})
})

Now we can put an .only on this test and it will run successfully irrespective of any other test. The ideal Cypress workflow is writing and iterating on a single test at a time.

2. Run shared code before each test

describe('my form', function () {
  beforeEach(function () {
    cy.visit('/users/new')
    cy.get('#first').type('Johnny')
    cy.get('#last').type('Appleseed')
  })

  it('displays form validation', function () {
    cy.get('#first').clear() // clear out first name
    cy.get('form').submit()
    cy.get('#errors').should('contain', 'First name is required')
  })

  it('can submit a valid form', function () {
    cy.get('form').submit()
  })
})

This above example is ideal because now we are resetting the state between each test and ensuring nothing in previous tests leaks into subsequent ones.

We’re also paving the way to make it easy to write multiple tests against the “default” state of the form. That way each test stays lean but each can be run independently and pass.

Creating “tiny” tests with a single assertion

Anti-Pattern: Acting like you’re writing unit tests.

Best Practice: Add multiple assertions and don’t worry about it

We’ve seen many users writing this kind of code:

describe('my form', function () {
  before(function () {
    cy.visit('/users/new')
    cy.get('#first').type('johnny')
  })

  it('has validation attr', function () {
    cy.get('#first').should('have.attr', 'data-validation', 'required')
  })

  it('has active class', function () {
    cy.get('#first').should('have.class', 'active')
  })

  it('has formatted first name', function () {
    cy.get('#first').should('have.value', 'Johnny') // capitalized first letter
  })
})

While technically this runs fine - this is really excessive, and not performant.

Why you did this pattern in unit tests:

  • When assertions failed you relied on the test’s title to know what failed
  • You were told that adding multiple assertions was bad and accepted this as truth
  • There was no performance penalty splitting up multiple tests because they run really fast

Why you shouldn’t do this in Cypress:

  • Writing integration tests is not the same as unit tests
  • You will always know (and can visually see) which assertion failed in a large test
  • Cypress runs a series of async lifecycle events that reset state between tests
  • Resetting tests is much slower than simply adding more assertions

It is common for tests in Cypress to issue 30+ commands. Because nearly every command has a default assertion (and can therefore fail), even by limiting your assertions you’re not saving yourself anything because any single command could implicitly fail.

How you should rewrite those tests:

describe('my form', function () {
  before(function () {
    cy.visit('/users/new')
  })

  it('validates and formats first name', function () {
    cy.get('#first')
      .type('johnny')
      .should('have.attr', 'data-validation', 'required')
      .and('have.class', 'active')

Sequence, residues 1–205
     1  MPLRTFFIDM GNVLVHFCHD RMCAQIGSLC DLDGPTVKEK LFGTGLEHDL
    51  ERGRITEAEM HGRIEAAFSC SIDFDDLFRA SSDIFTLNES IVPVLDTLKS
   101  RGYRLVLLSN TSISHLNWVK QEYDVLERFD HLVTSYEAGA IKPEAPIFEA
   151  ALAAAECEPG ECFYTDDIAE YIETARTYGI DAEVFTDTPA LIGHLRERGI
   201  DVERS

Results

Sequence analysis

.and('have.value', 'Johnny')
  })
})

Using after or afterEach hooks

Anti-Pattern: Using after or afterEach hooks to clean up state.

Best Practice: Clean up state before tests run.

We see many of our users adding code to an after or afterEach hook in order to clean up the state generated by the current test(s).

We most often see test code that like this:

describe('logged in user', function () {
  beforeEach(function () {
    cy.login()
  })

  afterEach(function () {
    cy.logout()
  })

  it('tests', ...)
  it('more', ...)
  it('things', ...)
})

Let’s look at why this is not really necessary.

Dangling state is your friend:

One of the best parts of Cypress is its emphasis on debuggability. Unlike other testing tools - when your tests end - you are left with your working application at the exact point where your test finished.

This is an excellent opportunity for you to use your application in the state the tests finished! This enables you to write partial tests that drive your application step by step, writing your test and application code at the same time.

We have built Cypress to support this use case. In fact, Cypress does not clean up its own internal state when the test ends. We want you to have dangling state at the end of the test! Things like stubs, spies, even routes are not removed at the end of the test. This means your application will behave identically while it is running Cypress commands or when you manually work with it after a test ends.

If you remove your application’s state after each test, then you instantly lose the ability to use your application in this mode. Logging out at the end would always leave you with the same login page at the end of the test. In order to debug your application or write a partial test, you would always be left commenting out your custom cy.logout() command.

It’s all downside with no upside:

For the moment, let’s assume that for some reason your application desperately needs that last bit of after or afterEach code to run. Let’s assume that if that code is not run - all is lost.

That is fine - but even if this is the case, it should not go in an after or afterEach hook. Why? So far we have been talking about logging out, but let’s use a different example. Let’s use the pattern of needing to reset your database.

The idea goes like this:

After each test I want to ensure the database is reset back to 0 records so when the next test runs, it is run with a clean state.

With that in mind you write something like this:

afterEach(function () {
  cy.resetDb()
})

Here is the problem: there is no guarantee that this code will run.

If, hypothetically, you have written this command because it has to run before the next test does, then the absolute worst place to put it is in an after or afterEach hook.

Why? Because if you refresh Cypress in the middle of the test - you will have built up partial state in the database, and your custom cy.resetDb() function will never get called.